Austin rally tells governor, “don’t mess with Texas women’s health”

The focus of the war on women shifted to Texas today as Gov. Rick Perry prepares to carry out his plan to terminate the Women’s Health Program, which provides health services including, Pap smears, breast exams, and contraception to 130,000 low-income, working class women. On the eve of the program’s proposed demise, more than 800 people rallied in Austin urging the governor to back off from his plan.

Protestors carried signs saying, “Don’t Mess with Texas Women” and “No te metas con las mujeres de Tejas” (the Spanish translation).  The rally was organized by Planned Parenthood and Don’t Mess with Texas Women. It was one in a series of rallies that have taken place across the state.

Speakers told the audience about the life-saving services that the Women Health Program provides. Delia Henry, a young woman enrolled in the program, told the audience how a wellness check she received detected high blood sugar, and as a result, she is now being treated for diabetes. She also said that a close friend had cancer cells detected and subsequently had the cancer cells removed.

Jalisa McCoy, who lives in South Texas, one of the poorest regions in the nation, said that many women in the region can’t afford health insurance and rely on services provided by the Women’s Health Program. Unfortunately, the program’s termination has or will cause the closure of four Planned Parenthood clinics in the region leaving 15,000 women without access to health care.

State Representative Dawnna Dukes said that the state’s Legislative Budget Board estimates that the Women’s Health Program saves the state $41 million a year making it one of the state’s most cost-effective health programs and should be expanded.

But the program is being shut down for political reasons. Last year, anti-abortion lawmakers and the governor cut off funding to Planned Parenthood, which operates women’s health care clinics that among other things provide Women’s Health Program services. The clinics mainly serve rural Texas and minority communities. These clinics are separate from  and independent of Planned Parent’s abortion services, which receive no state funding.

The decision to defund Planned Parenthood affects the whole Women’s Health Program, which is a part of Medicaid and receives 90 percent of its funding from the federal government. The federal government requires that women participating in the program have the freedom to choose their health care provider as long as the provider is qualified and willing to participate in the program.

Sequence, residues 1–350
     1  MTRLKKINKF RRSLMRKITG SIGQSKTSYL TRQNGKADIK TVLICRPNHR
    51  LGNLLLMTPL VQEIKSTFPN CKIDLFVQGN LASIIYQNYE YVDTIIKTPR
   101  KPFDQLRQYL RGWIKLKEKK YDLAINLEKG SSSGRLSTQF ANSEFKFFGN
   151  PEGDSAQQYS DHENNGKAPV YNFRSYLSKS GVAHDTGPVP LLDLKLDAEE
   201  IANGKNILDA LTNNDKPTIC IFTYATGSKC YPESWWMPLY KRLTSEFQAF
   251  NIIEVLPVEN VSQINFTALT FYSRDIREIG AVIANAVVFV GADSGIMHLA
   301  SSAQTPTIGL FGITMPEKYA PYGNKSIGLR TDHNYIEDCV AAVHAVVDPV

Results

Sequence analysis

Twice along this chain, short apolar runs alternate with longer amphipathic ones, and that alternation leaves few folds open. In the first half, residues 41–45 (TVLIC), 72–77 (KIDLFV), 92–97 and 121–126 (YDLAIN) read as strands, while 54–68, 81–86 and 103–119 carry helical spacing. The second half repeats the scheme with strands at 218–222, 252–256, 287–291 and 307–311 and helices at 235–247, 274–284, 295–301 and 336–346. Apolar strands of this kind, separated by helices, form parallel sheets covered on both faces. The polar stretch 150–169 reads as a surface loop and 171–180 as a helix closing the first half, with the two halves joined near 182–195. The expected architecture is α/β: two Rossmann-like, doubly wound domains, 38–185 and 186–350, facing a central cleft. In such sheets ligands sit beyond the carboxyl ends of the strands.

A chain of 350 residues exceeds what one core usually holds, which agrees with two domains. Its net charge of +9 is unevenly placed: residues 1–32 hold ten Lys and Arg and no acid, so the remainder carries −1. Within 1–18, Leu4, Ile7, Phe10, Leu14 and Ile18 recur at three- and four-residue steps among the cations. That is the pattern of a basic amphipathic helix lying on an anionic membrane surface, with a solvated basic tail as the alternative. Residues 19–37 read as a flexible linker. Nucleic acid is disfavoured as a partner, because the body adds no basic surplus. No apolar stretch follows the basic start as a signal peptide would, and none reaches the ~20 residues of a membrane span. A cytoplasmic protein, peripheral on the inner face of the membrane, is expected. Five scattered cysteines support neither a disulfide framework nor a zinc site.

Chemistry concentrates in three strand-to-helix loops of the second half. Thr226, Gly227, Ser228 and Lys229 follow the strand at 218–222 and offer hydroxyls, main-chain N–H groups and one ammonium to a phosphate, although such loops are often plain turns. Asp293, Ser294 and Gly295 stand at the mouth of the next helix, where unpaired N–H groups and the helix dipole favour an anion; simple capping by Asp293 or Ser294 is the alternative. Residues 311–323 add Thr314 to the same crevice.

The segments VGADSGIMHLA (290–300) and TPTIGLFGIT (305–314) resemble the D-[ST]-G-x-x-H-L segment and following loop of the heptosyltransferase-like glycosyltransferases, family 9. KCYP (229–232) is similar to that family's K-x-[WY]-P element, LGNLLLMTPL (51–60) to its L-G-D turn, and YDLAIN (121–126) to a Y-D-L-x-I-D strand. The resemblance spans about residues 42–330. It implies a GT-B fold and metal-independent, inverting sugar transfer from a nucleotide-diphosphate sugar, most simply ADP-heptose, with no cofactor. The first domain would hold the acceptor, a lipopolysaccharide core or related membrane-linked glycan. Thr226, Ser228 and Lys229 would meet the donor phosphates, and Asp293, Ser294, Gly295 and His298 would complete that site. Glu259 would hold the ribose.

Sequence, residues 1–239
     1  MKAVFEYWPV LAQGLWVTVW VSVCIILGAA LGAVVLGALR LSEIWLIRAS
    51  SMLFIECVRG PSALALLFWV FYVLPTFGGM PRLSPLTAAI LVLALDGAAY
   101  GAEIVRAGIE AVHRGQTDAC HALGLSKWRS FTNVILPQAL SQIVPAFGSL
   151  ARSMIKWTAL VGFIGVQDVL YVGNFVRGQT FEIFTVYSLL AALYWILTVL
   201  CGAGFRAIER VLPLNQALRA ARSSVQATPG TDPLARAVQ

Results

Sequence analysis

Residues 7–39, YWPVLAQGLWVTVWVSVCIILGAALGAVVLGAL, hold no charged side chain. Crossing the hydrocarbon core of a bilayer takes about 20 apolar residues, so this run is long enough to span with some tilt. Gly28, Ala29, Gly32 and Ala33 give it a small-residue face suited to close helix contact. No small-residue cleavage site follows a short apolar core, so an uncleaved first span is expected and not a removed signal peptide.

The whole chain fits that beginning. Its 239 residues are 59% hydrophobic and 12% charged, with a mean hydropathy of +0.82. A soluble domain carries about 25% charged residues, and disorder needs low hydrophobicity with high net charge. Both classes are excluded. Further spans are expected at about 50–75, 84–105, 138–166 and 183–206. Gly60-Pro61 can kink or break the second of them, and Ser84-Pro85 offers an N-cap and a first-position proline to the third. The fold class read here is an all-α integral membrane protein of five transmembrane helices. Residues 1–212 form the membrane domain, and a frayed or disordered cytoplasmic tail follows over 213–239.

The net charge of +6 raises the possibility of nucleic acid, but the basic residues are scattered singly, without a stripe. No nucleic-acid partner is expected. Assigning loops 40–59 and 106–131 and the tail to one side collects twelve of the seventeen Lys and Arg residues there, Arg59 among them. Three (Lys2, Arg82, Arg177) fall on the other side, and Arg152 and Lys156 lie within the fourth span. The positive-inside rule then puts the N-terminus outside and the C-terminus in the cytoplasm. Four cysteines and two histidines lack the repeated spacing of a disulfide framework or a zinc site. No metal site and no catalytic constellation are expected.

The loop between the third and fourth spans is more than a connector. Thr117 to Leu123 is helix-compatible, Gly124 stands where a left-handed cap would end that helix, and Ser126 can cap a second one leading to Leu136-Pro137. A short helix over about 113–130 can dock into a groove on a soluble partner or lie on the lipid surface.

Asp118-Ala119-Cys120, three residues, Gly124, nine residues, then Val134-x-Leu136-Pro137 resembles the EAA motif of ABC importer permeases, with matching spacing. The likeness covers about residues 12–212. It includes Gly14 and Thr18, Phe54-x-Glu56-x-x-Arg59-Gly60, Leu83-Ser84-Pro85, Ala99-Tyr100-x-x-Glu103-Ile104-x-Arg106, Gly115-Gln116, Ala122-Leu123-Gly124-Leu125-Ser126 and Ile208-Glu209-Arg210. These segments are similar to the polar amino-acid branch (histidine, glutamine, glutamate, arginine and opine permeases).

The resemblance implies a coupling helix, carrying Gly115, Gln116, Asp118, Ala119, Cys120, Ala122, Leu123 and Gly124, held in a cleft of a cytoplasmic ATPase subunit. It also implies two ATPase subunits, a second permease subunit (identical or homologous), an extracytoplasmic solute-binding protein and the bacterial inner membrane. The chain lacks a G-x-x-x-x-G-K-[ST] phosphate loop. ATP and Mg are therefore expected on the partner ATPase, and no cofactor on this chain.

About 40 percent of the women participating in the program have chosen Planned Parenthood clinics as their provider. By defunding Planned Parenthood, Gov. Perry and the Legislature have denied them their freedom. As a result, the state is no longer eligible to receive the federal funding for the program, which means that it can no longer operate.

Speakers at the Austin rally attacked Gov. Perry and anti-abortion lawmakers for playing politics with women’s health. McCoy called the state’s decision to defund the program a “political vendetta” based on “ideology (that) has no place in my health or that of 130,000 women.”

Perla Cavazos, a Planned Parenthood board member, said that by terminating the Women’s Health Program, Gov. Perry has chosen politics over women. “Women don’t come to Planned Parenthood to make a political statement,” she said. “They come because they need health care.”

Other speakers talked about the impact that the demise of the Women’s Health Program will have of the state of women’s health in Texas, where one in five people don’t have health insurance.

“The infrastructure of preventative health care is about to be demolished,” said Carol Belver of Community Action of Central Texas.” “Texans need more access to health care, not less.”

Gov. Perry has said he will try to keep services provided by the Women’s Health Program available solely through state funding. But in a state that recently cut its budget by about $15 billion, it’s difficult to see where this funding will come from.

Furthermore, by eliminating Planned Parenthood from participating, the state has significantly reduced its capacity for providing Women’s Health Program services.

Program supporters in a last-ditch effort will present a petition signed by 95,000 Texans today to the governor telling him to stop messing with the health of Texas women.

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One thought on “Austin rally tells governor, “don’t mess with Texas women’s health”

  1. I indeed have been struck by Perry’s assertion that he can easily dig up $30 million to replace the federal money. If we ask for $30 mil or even a lot less to replace cuts to a program that serves children with disabilities, or for education, or to help with state/university employees’ rising health care costs, Perry says there is no money.

    But anyway, the providers are not there to provide the services no matter what money he comes up with. When eliminate the organization that serves 40% of the women in the program, there’s no way that service will be replaced. Thousands of women will lose access to health care.

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